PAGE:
Hideaway or Murphy beds used to be decor’s dirty little secret. The whole concept is to create space where none exists and to hide the fact that, yes, someone sleeps in this tiny room. The hideaway bed basically says “I know this room looks too small to sleep in and you’re right. See, there’s no bed in here!”
The history of the bed is related to that very idea. The story goes way back to a one bedroom apartment in San Francisco in the early 1900’s, when William Lawrence Murphy was courting an opera singer. At the time women were frowned upon for entering a man’s bedroom. Murphy figured out a way to vertically store his bed and make it look like a wall. The room now looked like a “parlor” and his dating life was back in session. Patents were eventually rewarded and the rest is history.
Hideaway beds are no longer a thing to…hide! With the sky-rocketing costs of housing and unemployment through the roof, it’s no wonder we are struggling to find a way to live comfortably in shrinking spaces. We are seeing college grads back at home with mom and dad and with a mass shortage of affordable living space in cities everywhere, the Murphy bed is swiftly becoming a badge of urban hipness.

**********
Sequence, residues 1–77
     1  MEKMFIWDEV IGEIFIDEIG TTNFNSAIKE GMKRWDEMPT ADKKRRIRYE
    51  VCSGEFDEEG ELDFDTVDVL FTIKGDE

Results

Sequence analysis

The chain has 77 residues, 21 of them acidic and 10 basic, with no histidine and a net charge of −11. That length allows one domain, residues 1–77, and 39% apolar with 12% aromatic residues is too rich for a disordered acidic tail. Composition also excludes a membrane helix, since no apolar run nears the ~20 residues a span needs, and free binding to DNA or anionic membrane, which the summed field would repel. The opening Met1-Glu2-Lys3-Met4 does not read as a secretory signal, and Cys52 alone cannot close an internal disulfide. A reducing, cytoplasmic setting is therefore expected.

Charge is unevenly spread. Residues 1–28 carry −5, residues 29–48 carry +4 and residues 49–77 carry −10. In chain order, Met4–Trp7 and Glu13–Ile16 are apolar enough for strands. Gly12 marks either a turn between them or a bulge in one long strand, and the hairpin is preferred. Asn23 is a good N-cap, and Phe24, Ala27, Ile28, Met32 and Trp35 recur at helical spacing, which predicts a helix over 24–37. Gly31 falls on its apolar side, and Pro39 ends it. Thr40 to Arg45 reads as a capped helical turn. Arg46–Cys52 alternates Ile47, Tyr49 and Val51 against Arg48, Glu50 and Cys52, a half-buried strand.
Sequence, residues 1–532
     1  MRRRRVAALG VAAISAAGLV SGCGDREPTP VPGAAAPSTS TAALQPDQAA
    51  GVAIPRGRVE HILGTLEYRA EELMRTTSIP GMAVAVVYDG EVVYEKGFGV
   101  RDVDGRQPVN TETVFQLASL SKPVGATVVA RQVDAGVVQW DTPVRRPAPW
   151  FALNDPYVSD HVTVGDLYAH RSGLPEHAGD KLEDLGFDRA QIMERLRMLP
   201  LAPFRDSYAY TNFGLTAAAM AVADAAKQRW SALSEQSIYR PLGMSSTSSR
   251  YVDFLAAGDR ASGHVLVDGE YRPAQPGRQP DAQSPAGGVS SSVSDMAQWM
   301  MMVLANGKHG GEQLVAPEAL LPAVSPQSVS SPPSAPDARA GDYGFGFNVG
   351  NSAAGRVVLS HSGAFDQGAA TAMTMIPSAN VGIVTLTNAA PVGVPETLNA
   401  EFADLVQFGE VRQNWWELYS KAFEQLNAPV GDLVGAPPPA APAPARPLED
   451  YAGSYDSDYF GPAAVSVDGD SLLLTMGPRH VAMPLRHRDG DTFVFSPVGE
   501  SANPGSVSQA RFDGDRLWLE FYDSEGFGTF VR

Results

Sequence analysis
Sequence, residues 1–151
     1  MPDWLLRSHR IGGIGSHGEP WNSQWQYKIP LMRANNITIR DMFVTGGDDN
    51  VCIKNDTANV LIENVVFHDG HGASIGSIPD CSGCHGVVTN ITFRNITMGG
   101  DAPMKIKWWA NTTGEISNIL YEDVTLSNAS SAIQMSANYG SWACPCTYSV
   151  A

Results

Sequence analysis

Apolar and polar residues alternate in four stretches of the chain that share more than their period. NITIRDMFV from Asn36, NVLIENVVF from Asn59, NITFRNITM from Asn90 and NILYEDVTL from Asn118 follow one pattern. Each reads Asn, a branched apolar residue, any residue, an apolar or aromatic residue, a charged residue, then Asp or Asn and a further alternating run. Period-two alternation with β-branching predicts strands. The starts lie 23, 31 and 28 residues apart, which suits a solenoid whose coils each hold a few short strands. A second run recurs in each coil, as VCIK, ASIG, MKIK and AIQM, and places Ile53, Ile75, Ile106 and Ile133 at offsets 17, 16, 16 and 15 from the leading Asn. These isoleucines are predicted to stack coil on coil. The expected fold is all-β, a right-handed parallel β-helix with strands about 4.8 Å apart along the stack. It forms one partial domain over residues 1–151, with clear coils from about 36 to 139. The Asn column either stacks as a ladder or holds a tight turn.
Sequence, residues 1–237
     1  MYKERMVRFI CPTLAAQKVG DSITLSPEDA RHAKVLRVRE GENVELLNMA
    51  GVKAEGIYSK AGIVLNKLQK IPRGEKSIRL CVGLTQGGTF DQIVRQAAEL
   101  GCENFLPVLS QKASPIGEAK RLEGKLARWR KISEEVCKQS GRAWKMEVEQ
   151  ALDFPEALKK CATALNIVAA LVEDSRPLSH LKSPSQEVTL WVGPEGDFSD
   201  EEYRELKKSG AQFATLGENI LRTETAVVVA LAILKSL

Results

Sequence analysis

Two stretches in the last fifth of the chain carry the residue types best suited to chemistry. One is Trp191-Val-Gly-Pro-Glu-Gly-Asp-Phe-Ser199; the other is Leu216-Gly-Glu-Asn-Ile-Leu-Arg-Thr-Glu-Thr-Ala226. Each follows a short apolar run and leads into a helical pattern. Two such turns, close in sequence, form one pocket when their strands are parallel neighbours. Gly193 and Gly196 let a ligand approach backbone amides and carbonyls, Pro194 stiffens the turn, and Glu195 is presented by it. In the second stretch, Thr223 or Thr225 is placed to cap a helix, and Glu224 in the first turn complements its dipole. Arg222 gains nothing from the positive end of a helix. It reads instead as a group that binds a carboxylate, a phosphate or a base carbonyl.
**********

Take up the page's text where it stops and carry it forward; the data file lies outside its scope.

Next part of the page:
Apartment Therapy reported on some clever, stylish and space saving bed storage solutions that had us thinking, maybe this is the way to go, even if you don’t have space constraints!
Dwell shared the fabulous 580 square foot home of Mad Men’s Vincent Kartheiser, designed by master builder/designer Funn Roberts,where the hideaway bed takes center stage, or make that center ceiling. This very modern spin on the Murphy employs an elaborate yet sleek and sophisticated steel wire pulley system that allows the bed to suspend from the ceiling when not in use. The overall effect of the space is an exciting balance of Japanese inspired minimalism with touches of industrialism.
Photos by: Joe Pugliese
No doubt kids want in on the hideaway bed because they are simply put, ridiculously cool and fun. Parents love the trend too. What is more fun for parents than getting stuff off their kids floor and stored away where they can’t see it? Yah, we thought you would say that.